How meat and climate change are linked

Why does meat have such a big impact on the climate?

Think of it this way: it is often more efficient to grow crops for humans than it is to grow crops for animals and then turn those animals into food for humans. Researchers from the Food and Agriculture Organization of the United Nations concluded that on average it takes about 1400 grams of grain to grow 500 grams of meat.

Of course, some might say that cows, chickens, and pigs often eat things that humans wouldn’t eat, such as herbs or plant debris. This is true. But as a general rule, it takes more land, energy, and water to produce 500 grams of animal protein than it does to produce 500 grams of vegetable protein.

Beef and lamb have a particularly large climate footprint for another reason: cows and sheep have bacteria in their stomachs that help them digest grass and other foods. But these bacteria create methane, a powerful greenhouse gas, which is then released through burping (and flatulence).

Does it matter how cows are raised?

Yes. For example, in Bolivia and Brazil, the world’s largest exporters of beef, millions of acres of rainforest have been burned to make way for meat production. In addition, the carbon footprint of a herd of cattle can vary significantly depending on factors such as local climatic conditions and their levels. 

But what if you feed cows with grass and do not grow grain specifically for them?

Grass-fed cattle spend more time on the farm, producing more methane. 

Should people stop eating meat altogether to help the climate?

If we want to feed a growing population without resorting to global warming or putting more pressure on the world’s forests, it will matter if the most hardened meat-eaters moderate their appetites.

What about artificial cell meat?

Indeed, there are more meat substitutes in the world. Made from vegetables, starches, oils and synthesized proteins, these products mimic the taste and texture of meat more closely than traditional substitutes such as tofu and seitan.

While there is still no decision as to whether these foods are healthier, they appear to have a smaller environmental footprint: one recent study found that Beyond Burger had only one-tenth of the climate impact by compared to a beef burger.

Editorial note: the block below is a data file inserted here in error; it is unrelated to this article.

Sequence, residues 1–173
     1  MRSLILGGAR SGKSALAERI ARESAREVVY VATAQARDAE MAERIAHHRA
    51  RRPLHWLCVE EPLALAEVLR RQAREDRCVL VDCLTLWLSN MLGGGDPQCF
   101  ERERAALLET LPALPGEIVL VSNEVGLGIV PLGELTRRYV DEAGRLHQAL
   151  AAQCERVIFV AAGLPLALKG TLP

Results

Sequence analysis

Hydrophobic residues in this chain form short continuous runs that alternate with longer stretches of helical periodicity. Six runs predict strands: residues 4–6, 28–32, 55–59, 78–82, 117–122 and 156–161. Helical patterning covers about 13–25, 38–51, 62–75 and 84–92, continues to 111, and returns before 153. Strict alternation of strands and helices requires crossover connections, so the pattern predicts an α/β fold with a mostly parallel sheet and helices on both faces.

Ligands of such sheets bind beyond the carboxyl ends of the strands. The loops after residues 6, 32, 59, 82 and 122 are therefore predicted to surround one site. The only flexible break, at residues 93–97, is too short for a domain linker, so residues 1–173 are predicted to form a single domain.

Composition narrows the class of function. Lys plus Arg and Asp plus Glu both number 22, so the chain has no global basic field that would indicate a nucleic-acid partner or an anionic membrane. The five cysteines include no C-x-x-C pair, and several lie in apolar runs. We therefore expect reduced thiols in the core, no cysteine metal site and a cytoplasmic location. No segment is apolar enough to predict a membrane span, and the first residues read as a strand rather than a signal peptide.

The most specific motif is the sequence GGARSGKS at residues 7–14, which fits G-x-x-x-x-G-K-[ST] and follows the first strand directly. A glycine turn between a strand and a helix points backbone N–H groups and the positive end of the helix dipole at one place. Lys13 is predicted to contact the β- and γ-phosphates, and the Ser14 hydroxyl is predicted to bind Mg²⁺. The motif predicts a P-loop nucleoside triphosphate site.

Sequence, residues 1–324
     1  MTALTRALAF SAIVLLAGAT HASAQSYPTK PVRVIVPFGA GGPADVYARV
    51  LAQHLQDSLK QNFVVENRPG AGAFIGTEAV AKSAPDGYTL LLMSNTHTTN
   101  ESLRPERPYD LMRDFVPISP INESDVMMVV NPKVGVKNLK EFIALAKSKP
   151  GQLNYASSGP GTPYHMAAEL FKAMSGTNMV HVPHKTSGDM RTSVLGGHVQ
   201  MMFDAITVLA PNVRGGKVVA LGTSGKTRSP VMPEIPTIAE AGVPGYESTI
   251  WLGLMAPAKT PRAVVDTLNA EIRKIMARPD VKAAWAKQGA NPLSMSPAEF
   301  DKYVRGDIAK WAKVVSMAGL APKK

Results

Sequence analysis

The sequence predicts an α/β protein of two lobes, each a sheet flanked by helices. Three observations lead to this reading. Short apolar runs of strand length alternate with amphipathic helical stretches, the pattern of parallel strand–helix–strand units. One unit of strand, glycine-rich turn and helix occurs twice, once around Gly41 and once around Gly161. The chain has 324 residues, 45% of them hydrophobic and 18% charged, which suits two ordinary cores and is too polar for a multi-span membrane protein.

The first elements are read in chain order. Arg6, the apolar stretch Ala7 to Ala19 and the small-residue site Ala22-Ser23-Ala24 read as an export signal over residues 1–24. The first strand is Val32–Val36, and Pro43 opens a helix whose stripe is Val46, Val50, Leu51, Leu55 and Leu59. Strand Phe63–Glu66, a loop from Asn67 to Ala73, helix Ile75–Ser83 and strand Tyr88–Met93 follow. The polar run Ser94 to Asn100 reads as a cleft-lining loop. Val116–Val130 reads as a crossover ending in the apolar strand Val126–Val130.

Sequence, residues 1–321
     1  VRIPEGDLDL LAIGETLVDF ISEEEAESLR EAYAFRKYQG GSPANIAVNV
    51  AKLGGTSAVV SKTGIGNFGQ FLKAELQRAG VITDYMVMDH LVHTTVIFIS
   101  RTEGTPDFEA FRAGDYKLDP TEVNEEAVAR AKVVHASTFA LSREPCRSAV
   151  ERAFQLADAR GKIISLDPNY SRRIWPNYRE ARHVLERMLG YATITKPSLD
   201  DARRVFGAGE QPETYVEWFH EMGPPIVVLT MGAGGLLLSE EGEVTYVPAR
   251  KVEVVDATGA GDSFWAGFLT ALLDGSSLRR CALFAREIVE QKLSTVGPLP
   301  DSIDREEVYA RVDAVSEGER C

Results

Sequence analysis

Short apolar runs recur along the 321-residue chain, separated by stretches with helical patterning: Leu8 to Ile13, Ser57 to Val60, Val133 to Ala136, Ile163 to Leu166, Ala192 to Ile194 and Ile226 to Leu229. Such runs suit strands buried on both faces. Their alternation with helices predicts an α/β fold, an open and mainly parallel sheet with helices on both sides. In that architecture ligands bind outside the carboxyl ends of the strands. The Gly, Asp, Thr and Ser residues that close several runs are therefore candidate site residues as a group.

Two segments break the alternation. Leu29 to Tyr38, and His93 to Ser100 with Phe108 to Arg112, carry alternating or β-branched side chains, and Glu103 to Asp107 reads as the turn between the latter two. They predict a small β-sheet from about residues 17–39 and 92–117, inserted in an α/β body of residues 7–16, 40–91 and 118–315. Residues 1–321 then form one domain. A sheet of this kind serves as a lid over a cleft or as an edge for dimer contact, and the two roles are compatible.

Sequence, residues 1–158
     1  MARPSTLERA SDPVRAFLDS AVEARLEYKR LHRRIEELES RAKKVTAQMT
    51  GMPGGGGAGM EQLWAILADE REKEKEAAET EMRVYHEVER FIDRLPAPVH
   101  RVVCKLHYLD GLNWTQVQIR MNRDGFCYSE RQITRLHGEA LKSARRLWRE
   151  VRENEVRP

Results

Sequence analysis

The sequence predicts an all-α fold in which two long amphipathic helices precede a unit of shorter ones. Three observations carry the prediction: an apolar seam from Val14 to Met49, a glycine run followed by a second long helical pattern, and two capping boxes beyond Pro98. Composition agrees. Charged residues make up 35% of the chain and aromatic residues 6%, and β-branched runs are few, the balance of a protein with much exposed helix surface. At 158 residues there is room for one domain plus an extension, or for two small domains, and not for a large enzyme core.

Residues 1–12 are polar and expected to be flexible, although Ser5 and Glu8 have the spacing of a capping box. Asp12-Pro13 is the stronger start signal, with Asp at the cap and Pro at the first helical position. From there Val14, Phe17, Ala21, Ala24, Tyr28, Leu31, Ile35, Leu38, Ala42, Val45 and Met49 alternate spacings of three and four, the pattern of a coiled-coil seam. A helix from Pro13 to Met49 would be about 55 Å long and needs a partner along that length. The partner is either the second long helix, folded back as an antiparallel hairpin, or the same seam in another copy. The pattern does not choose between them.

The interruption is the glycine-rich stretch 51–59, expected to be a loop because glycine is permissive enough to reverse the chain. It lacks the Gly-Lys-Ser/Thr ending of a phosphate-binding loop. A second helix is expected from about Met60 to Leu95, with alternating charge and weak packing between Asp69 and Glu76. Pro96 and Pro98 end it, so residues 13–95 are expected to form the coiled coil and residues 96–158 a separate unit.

In the future, researchers will be able to “grow” real meat from animal cell cultures – work in this direction continues. But it’s still too early to tell how climate-friendly this will be, not least because it could take a lot of energy to produce cell-grown meat.

What about seafood?

Yes, fish has a lower carbon footprint than chicken or pork. The lowest in shellfish, mussels and scallops. However, the main and significant source of emissions is the fuel burned by fishing boats. 

What impact do milk and cheese have on climate change?

A number of studies have shown that milk generally has a smaller climate footprint than chicken, eggs, or pork. Yogurt, cottage cheese and cream cheese are close in terms of milk.

But many other types of cheese, such as cheddar or mozzarella, can have a significantly larger footprint than chicken or pork, as it usually takes about 10 pounds of milk to produce one pound of cheese.

Wait, cheese is worse than chicken?

It depends on the cheese. But in general, yes, if you choose to become a vegetarian by, say, eating cheese rather than chicken, your carbon footprint may not drop as much as you expect.

Is organic milk better?

In the United States, this “organic” label on milk means cows spent at least 30% of their time grazing, received no hormones or antibiotics, and ate feed that was raised without synthetic fertilizers or pesticides. It is certainly attractive to the health of many people. But there is no requirement that an organic dairy farm have a lower climate footprint than a conventional farm. The trouble is, there’s nothing on the organic label that tells you specifically about the climate impact of this milk. 

Which plant based milk is best?

Almond, oat and soy milk have lower greenhouse gas emissions than cow’s milk. But, as always, there are downsides and trade-offs to consider. Almonds, for example, require a lot of water to grow. If you are interested in more information, then you can find it in ours. 

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